The Community Forward Fund (CFF) will make loans or arrange financing for non-profits and charities.
Its structure is designed to address a gap in access to capital for small- and medium-sized organizations.
“We are pleased to be joining a number of community foundations in Ontario as supporters of this investment vehicle in support of our vital voluntary sector,” said Rob Welch, a director on the board of the Niagara Community Foundation.
The initiative follows a recommendation contained in a national report called Mobilizing Private Capital for Public Good that called on community foundations to invest at least 10 per cent of their capital in mission-related investments by 2020.
The board began studying the idea in June 2011.
“We wanted to make an initial modest investment and will be assessing whether it makes sense to move to the 10 per cent goal by 2020,”said Welch, who led the board through its due diligence process.
Following the announcement made today at the 11th Annual Canadian Business Leaders Breakfast, the Foundation hosted a workshop for 25 organizations across Niagara providing them with information on alternate forms of financing available for their projects.
Community Forward Fund CEO Derek Ballantyne said: “We look forward to working with the Niagara Community Foundation in pursuing their objectives of mission-related investment in area communities.
“The Foundation’s local knowledge and close community ties are an essential asset to this innovative approach to supporting and strengthening non-profit and charitable organizations. We are very pleased to receive this significant investment in the Community Forward Fund and welcome our collaboration with the Foundation.”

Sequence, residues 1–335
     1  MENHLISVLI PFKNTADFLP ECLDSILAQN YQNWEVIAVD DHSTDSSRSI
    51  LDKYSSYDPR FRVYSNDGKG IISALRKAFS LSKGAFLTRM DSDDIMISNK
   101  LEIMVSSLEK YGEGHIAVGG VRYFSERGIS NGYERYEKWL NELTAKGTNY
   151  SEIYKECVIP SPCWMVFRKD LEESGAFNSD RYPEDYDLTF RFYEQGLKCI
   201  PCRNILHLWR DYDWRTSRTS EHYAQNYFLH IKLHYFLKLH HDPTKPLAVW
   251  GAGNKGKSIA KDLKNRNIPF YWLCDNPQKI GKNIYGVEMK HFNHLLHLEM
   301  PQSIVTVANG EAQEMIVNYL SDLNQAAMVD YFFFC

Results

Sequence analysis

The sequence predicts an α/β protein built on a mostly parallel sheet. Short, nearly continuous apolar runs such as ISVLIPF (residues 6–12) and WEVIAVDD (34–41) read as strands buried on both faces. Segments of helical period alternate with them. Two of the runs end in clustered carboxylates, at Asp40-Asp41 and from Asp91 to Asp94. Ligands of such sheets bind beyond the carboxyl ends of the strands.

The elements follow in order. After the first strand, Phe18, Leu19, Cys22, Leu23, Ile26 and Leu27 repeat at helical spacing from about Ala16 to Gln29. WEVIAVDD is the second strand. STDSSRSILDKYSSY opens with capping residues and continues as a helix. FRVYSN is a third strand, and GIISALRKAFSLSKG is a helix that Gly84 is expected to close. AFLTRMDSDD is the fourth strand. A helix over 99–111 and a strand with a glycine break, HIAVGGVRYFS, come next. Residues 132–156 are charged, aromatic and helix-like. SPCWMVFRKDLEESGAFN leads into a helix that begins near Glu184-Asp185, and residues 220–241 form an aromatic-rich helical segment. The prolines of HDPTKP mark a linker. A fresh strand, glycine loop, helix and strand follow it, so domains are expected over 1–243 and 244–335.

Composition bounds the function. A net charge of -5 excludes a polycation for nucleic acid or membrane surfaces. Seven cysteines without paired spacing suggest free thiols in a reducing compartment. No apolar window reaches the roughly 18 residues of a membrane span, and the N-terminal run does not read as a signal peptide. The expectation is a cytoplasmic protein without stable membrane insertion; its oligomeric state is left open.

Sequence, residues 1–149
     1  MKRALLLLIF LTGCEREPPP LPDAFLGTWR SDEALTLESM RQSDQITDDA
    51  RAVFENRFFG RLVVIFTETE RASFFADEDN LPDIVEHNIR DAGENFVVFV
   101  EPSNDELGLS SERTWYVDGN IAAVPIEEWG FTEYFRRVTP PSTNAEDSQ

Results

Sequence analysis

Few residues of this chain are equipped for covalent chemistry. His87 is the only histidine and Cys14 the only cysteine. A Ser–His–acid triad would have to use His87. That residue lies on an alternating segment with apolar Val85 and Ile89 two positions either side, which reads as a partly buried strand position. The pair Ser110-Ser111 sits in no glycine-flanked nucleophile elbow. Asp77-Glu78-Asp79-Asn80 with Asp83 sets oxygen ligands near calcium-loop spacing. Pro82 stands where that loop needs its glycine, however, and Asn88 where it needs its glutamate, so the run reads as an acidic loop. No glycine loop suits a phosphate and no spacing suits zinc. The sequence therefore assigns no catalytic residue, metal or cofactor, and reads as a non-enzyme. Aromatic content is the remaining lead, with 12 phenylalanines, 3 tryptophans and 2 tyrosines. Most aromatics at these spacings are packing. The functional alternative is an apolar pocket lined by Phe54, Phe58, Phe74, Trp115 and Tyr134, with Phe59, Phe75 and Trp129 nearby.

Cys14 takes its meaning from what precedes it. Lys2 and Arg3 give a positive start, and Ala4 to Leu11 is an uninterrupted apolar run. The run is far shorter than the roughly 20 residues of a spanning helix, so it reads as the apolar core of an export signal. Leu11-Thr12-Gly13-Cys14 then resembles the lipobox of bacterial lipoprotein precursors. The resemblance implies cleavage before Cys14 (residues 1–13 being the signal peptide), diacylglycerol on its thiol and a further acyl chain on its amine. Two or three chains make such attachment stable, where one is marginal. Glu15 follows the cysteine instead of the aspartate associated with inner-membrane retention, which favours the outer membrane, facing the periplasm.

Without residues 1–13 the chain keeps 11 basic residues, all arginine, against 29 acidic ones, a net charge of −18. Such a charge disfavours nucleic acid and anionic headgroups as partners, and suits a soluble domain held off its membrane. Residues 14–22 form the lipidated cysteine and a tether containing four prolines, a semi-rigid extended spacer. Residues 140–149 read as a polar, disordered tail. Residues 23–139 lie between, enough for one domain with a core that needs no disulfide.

Created in 2000 the Niagara Community Foundation has raised more than $20 million in endowment funds and has granted in excess of $4.8 million to charities working in the culture, environment, social services, health, education and community development.
The Community Forward Fund (CFF) makes loans or arranges financing for Canadian nonprofits and charities. Its structure has been designed to address a gap in access to patient, working capital and bridge loans for the sector for small and medium sized organizations. An important part of CFF’s role will also be to provide financial coaching and review services, assessment tools and to help build financial skill capacity for sector organizations.
CFF will provide a combination of revolving credit and term loans, up to five years. While CFF is currently finalizing details of its planned loan portfolio, it envisions initial loan sizes ranging between $35,000 and $250,000 (which CFF expects will complement most existing lenders). For larger loans, it plans to work with partner institutions.
Research indicates that there is a market for one year bridge loans, and three and five year term loans. CFF will provide a combination of revolving credit and term loans, up to five years.
Loan interest will be dependent on the type of loan or guarantee plus other fees.
(Submitted by the Niagara Community Foundation)